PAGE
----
blogging by Andrew Wickliffe

Emergency Declaration (2021, Han Jae-rim)

Emergency Declaration is a disaster movie made like a horror movie. It’s not just any disaster movie, either; it’s Airport meets Airplane but with bioterrorism. The bioterrorism doesn’t have to do with the horror movie; it’s all the investigation procedural. The horror movie experience is entirely reserved for the victims (and the audience). Declaration doesn’t thrill, it doesn’t excite, it terrorizes. From the start.

As we’re meeting busy cop dad Song Kang-ho (whose wife Woo Mi-hwa went on vacation with girlfriends without telling him), co-pilot Kim Nam-Gil, single parent Lee Byung-hun, and seeing the flight attendants and class trips arrive, we’re also meeting Yim Si-wan. He’s asking the desk clerk weird questions about the flights because the first act of Declaration is all about how lax Incheon Airport security is going to cause lots of problems.

Pretty soon, Lee’s adorable daughter, Kim Bo-min, has to go to the bathroom and goes to the boys because the class trip is waiting in line for the women’s. In the can, she just happens to see Yim slicing himself open so he can put a vial inside to get through security. Again, it’s Airport, only with bioterrorism instead of a bomb. And then it’s Airplanebecause Lee’s actually a hotshot pilot who burned out and is now a bit of a drunk. Luckily adorable Kim keeps him in line.

Now, by the time Kim sees Yim mutilating himself, it becomes clear director Han isn’t stopping the terror any time soon. Especially not when cop dad Song goes on a call about some TikToker threatening to do something to an airplane. Song pretty quickly discovers evidence, and it’s time to start talking about turning the plane around. Except no one listens to Song for a while.

But it’s okay because we’ve established the pilots made sure to get extra fuel (bad weather in Japan, which comes up again).

So we’re just waiting for Yim to do something and to see how it affects the lovable or at least sympathetic cast of passengers. Especially Kim, because Yim decides to terrorize her.

Now, Yim’s just an incel. He’s some other things on top of it, but when the news eventually compares him to someone else, it’s a U.S. mass shooter incel. Declaration came out in 2021, so in the middle of Covid-19, but you’d never know it. It’s a recent movie where Rona doesn’t happen (wow, did South Korea do things better than the U.S.—everyone’s crowded together in this movie, on plane or not), but it’s about bioterrorism and how people react to communicative disease. So it’s this weird, in-direct commentary on Rona only not, starring a generic incel, only not.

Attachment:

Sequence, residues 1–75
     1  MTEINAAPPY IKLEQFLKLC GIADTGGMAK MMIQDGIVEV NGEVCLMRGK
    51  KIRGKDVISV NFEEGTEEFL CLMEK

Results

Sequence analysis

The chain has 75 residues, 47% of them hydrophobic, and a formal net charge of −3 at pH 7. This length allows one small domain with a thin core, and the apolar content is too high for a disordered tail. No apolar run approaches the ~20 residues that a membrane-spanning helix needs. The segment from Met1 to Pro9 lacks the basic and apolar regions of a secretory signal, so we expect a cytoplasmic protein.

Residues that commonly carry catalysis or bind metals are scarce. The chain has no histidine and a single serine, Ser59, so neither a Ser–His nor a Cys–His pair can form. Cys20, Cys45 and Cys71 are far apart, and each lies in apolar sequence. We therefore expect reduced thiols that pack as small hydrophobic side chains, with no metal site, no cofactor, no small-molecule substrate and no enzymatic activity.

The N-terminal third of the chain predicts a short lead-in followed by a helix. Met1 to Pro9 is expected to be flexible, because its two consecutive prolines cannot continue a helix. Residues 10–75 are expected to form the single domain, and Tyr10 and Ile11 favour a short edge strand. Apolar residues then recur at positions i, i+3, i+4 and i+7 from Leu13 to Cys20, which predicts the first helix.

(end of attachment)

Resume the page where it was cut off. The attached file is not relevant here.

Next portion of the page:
Or it would be such a commentary if Han weren’t just making a terrorizing movie about a lot of people dying horrible deaths and no one really being able to do anything to help, especially not over-promoted men, the United States, or the Japanese. Though Song’s somewhat shoe-horned in so they don’t have to give Jeon Do-yeon too much to do as the government minister in charge of the response. The movie decides in the third act she’s really super-duper important, only they don’t give her enough in the first act. She makes sense; she’s navigating the bioterrorism thriller. Lee’s on the plane doing his Ted Striker thing. Song’s around like it’s Taking of Pelham One Two Three. They needed first and third act drama, so they gave it to Song, while at least some of it should’ve been Jeon’s.

When I say director Han’s trying to terrorize, he’s not being coy about it. Whether or not the unfortunately constant lens flare is supposed to be ominous as far as foreshadowing (spoiler, yes), the editing and music are just about scaring the audience. Lee Byung-woo’s score is excellent. It’s almost entirely just horror movie slasher stalker music. Relentless.

Then the editing—from director Han, Lee Kang-il, and Kim Woo-hyun—cuts to and from characters in moments of incredible stress and tragedy, and fear. Whether they’re in the ground or the air, it’s just about scared people in their worst moments. Han brings incredible severity to this fictional remake of Airport. It’d be an opportunistic melodrama if it were a true story. But it’s not, so it’s just terrorizing.

And it works out pretty well. Declaration starts cracking somewhere in the second half, and it’s falling apart by the third. The film forecasts a lot of the story (intentionally) and occasionally drags things out too much.

There’s some excellent acting. Song and Woo have some great phone call scenes, Lee’s an awesome imperfect hero, and Yim’s never not scary. Han directs the hell of the film with outstanding CGI plane special effects. It’s gorgeous.

It’s also manipulative, and a little insincere, but—as with everything else Declaration does—expertly so.

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